Digital for all now

#Education: interviewing Caligula or Augustus? Why not?

Econocom 1 Aug 2016

Imagine history students, during a lesson on ancient Rome, could interview Marcus Aurelius, Augustus or Caligula. It may seem crazy, but it can be done, with just some royalty-free photos and some animation software. Frédéric Christ, a Classics teacher at Toucy secondary school in Burgundy, has designed a teaching programme for his Year 10 students based on this original concept. Even more amazing: on the other side of the world, in Japan, writer Soseki Natsume, who died in 1916, could soon be lecturing in literature at his old university – reincarnated as an android!

 

BRINGING FACES BACK TO LIFE after hundreds of years

Frédéric Christ’s idea is to enable students to play at being journalists and interview one of the first Roman emperors (Caligula, Marcus Aurelius or Augustus), using a series of documents including texts to be translated and others already translated from Latin or Greek. The aim is to establish a dialogue between two people divided by centuries of changing social mores. Because, aside from the biographical details of the emperor interviewed, students are supposed to challenge the values of each era. The themes raised include the nature of absolute imperial power and the emperor’s executing condemned criminals or members of his family.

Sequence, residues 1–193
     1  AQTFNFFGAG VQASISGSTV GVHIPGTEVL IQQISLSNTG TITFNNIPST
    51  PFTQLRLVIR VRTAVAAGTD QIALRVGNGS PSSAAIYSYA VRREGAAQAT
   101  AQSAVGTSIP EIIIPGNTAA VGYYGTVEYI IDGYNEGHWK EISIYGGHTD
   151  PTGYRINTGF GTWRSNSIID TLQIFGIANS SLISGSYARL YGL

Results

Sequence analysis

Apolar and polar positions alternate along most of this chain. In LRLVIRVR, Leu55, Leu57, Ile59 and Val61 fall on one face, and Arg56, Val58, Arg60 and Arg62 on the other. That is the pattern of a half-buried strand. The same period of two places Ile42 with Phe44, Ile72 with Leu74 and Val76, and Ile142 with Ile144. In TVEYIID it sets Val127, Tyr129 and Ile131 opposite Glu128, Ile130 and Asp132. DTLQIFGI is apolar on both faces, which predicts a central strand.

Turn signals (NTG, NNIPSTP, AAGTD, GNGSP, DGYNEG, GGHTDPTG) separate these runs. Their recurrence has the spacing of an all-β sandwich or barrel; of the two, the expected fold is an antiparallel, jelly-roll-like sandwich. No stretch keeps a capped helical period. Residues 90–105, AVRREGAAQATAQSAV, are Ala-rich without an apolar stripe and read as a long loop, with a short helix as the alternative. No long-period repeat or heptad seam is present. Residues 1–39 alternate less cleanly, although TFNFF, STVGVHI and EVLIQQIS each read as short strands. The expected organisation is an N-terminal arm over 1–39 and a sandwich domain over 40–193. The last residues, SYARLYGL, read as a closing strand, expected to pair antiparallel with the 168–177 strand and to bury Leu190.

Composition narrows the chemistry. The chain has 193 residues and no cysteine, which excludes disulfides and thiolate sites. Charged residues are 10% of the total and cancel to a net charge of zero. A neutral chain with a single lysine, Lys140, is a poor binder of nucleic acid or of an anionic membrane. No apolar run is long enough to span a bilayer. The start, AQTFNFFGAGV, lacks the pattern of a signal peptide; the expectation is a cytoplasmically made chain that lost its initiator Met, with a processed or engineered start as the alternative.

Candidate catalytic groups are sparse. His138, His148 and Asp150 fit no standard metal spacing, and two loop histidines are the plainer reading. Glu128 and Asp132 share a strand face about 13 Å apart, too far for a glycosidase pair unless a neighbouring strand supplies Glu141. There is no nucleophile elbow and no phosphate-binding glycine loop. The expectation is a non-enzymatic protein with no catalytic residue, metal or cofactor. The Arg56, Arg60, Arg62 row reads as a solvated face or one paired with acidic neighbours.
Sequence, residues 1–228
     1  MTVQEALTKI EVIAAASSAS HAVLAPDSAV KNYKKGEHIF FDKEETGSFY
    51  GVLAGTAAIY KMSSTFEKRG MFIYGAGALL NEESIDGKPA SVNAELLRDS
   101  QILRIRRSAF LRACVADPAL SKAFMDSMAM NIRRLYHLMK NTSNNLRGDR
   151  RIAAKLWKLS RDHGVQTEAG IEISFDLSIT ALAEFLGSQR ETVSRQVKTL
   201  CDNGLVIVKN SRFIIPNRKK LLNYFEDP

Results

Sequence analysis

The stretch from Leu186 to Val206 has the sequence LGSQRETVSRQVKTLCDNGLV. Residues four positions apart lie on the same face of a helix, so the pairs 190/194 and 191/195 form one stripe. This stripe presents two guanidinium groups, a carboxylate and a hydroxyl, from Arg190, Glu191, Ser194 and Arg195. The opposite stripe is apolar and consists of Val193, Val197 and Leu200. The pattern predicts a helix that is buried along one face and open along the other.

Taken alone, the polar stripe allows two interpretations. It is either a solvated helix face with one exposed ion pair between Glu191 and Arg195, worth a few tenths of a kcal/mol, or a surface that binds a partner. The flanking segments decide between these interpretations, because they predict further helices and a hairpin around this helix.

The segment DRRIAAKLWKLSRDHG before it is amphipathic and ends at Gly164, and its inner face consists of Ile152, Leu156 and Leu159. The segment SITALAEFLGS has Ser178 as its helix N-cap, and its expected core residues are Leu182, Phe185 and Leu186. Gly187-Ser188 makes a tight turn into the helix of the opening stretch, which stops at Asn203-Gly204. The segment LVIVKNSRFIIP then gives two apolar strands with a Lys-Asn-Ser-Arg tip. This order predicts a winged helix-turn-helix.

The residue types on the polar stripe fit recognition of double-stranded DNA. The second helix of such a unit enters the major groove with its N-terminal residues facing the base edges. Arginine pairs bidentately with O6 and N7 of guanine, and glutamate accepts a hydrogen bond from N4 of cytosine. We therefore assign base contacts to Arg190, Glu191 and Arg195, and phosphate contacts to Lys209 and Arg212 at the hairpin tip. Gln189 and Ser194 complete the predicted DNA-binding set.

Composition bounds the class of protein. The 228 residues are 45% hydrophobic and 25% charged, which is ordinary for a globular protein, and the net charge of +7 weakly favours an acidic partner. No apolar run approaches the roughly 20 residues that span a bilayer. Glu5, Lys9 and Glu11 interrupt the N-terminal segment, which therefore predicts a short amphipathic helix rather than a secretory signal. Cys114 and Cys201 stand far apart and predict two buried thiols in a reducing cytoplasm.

To make this happen, the students use royalty-free images and two software programs: Crazytalk7 pro to make talking heads and Windows Live Movie Maker for video editing. This exercise encourages them to put various writing, speaking and digital skills into practice.

 

IN japAn, AN android TEACHES CLASSES

At Nishogakusha University in Tokyo, a similar experiment has been launched, whereby a deceased writer can converse with students. Considered as one of the greatest authors in modern Japanese literature, Soseki Natsume, author of I Am a Cat, who died in 1916, will be teaching literature classes as from December 2016 as a robot developed by the university’s researchers and robotics expert Hiroshi Ishiguro.  According to the Daily Mail, the android will be built using 3D scans of a death mask and the voice will be created after analysing the writer’s grand-son’s voice.

 

Thanks to digital, students can already go on a field trip to Mars or do a collaborative “twictation”

 with classes all over the world. Teachers are understanding that digital can enhance their teaching methods and more and more of them are adopting new technologies to devise original and engaging learning experiences.

 

 

Find out about other innovative initiatives:

 Innovative teaching: the University of Rouen goes digital

Shona Whyte: using new technologies to make language learning easier

Twittclasses, twiterature, Frenchteach: teaching in the digital age

Talk to us and share your Digital Maker’s lesson with us!